The German-American relationship in the second half of the 20th century was a unique and extraordinary accomplishment. Few nations have the capacity of Germany to join with the United States to address the challenges of the 21st century. With a renewed spirit of purpose, compromise, unity and agreement, our joint commitment to make this world a safer and better place is a very appropriate commemoration of the Second World War.

Chargé d'Affaires ad interim John A. Cloud
John A. Cloud, who has served as the deputy chief of mission at the United States Embassy in Berlin since July 2003, became chargé d'affaires ad interim upon the departure of Ambassador Daniel R. Coats on February 28, 2005.Image: US Embassy

The British ambassador to Germany, Sir Peter Torry, answered the same questions in relation to his country and British-German relations 60 years after the end of the World War II.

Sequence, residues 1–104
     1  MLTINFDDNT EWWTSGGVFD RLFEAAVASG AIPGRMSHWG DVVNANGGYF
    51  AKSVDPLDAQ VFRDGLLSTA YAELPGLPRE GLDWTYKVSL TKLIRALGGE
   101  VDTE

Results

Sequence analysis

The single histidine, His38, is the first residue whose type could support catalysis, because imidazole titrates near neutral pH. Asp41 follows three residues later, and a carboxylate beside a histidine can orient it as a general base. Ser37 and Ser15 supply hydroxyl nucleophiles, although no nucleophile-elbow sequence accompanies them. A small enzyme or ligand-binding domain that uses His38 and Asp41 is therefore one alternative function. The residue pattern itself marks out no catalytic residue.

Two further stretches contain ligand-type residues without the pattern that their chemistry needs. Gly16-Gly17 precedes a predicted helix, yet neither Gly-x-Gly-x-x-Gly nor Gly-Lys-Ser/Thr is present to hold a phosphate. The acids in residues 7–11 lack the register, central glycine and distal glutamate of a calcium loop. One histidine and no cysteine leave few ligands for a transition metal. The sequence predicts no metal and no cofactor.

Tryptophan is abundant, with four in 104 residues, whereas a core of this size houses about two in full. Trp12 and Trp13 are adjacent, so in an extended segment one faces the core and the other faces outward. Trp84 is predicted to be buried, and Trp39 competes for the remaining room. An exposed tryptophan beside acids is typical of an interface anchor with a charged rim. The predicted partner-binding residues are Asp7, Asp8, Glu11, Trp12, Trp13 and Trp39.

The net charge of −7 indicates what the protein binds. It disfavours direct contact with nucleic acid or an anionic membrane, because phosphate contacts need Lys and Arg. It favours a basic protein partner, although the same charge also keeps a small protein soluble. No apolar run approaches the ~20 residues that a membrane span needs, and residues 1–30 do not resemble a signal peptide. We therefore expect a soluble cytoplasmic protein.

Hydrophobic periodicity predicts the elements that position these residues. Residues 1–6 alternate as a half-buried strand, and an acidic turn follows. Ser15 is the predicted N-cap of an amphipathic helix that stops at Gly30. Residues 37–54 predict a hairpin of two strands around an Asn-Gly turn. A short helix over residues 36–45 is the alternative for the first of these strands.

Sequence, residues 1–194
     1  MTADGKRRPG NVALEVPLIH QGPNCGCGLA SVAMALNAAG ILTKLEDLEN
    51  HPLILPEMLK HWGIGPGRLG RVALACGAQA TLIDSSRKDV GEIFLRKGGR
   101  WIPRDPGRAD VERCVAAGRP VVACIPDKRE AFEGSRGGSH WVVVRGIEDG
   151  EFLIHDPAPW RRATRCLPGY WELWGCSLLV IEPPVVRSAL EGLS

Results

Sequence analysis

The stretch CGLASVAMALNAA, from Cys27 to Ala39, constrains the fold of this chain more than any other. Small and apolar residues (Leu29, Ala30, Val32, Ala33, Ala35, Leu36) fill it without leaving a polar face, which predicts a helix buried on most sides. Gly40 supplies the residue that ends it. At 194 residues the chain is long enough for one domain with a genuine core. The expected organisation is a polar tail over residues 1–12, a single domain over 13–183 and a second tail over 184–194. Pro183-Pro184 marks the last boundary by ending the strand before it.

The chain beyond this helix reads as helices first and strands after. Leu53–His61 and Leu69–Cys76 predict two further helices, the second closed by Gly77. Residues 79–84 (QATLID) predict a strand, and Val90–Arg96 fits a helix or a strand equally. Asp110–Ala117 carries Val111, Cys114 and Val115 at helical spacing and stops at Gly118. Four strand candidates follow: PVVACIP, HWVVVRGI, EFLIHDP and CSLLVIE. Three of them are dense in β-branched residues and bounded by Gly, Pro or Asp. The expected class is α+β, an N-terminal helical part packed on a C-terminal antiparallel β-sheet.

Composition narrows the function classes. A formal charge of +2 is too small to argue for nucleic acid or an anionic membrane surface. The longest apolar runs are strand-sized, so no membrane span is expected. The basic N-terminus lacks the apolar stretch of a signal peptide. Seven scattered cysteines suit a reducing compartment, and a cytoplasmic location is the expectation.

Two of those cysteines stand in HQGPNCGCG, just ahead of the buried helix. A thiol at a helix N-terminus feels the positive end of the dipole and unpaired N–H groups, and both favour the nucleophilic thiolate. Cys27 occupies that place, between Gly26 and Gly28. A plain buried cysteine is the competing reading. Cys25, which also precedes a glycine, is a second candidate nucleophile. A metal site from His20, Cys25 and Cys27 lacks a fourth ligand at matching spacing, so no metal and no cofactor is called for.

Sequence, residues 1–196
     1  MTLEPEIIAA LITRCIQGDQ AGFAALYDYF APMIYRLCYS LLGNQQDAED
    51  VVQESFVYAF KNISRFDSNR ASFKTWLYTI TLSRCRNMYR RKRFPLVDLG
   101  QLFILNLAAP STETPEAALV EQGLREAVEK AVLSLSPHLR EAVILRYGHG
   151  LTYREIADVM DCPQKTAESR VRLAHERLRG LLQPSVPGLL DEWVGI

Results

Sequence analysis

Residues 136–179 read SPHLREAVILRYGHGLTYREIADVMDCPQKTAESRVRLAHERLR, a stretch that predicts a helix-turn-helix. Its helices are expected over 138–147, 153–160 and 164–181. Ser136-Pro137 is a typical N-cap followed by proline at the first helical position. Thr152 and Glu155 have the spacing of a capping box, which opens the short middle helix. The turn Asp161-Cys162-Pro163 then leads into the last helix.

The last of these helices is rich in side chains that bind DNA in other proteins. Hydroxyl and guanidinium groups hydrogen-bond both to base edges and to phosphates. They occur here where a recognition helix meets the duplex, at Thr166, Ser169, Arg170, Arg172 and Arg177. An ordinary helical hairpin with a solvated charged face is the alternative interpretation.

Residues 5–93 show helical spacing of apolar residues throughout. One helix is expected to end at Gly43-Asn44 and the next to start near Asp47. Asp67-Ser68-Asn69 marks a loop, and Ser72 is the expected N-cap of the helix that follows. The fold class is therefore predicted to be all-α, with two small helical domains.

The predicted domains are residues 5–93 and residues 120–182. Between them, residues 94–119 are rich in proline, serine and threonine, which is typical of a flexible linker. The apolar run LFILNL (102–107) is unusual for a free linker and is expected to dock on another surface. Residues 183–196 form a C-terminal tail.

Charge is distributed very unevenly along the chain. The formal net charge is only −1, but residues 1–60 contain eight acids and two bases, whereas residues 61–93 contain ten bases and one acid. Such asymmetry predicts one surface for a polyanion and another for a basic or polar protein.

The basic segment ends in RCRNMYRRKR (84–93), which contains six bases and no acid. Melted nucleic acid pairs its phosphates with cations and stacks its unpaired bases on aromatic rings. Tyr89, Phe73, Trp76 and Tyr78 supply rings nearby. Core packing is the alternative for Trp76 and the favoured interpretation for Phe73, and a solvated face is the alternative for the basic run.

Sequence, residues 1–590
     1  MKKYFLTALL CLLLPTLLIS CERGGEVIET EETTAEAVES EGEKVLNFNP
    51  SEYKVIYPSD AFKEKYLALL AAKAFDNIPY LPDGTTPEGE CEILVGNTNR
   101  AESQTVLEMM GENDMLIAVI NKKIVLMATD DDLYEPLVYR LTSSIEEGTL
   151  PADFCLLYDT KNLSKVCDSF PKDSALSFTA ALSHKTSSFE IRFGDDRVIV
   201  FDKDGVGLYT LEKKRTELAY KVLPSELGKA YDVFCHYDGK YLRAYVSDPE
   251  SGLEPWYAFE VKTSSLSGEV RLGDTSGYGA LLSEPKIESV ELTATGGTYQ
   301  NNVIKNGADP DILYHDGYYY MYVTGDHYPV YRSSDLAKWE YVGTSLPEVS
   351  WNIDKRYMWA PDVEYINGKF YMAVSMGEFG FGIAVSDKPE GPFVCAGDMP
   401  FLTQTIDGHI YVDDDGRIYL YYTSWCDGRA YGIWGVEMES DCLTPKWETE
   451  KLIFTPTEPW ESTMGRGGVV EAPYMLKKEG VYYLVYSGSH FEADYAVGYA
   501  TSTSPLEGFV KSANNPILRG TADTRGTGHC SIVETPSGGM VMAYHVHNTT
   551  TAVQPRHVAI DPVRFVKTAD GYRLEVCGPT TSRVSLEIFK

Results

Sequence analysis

DW-WORLD: What is the significance of the end of World War II for Britain today?

Sir Peter Torry: We remember all those who died between September 1939 and May 1945. We pay tribute to the hundreds of thousand of Allied soldiers, sailors and airmen who gave their lives so that others might live and so that freedom, peace and democracy could once more flourish and grow in Europe. The suffering and the sacrifices that were needed to rid the world of the Nazi dictatorship should never be forgotten. But at the same time we should be proud of what we have achieved in the past 60 years. Former enemies have become close partners and friends. The relationship between Britain and Germany has never been better. NATO and the EU have made war inconceivable and brought prosperity and justice to Europe. Germany today has nothing in common with Germany of 1945.

What political conclusions does Britain draw from World War II today? Do Britain's experiences of the Second World War influence the country's foreign policy, and if so, how?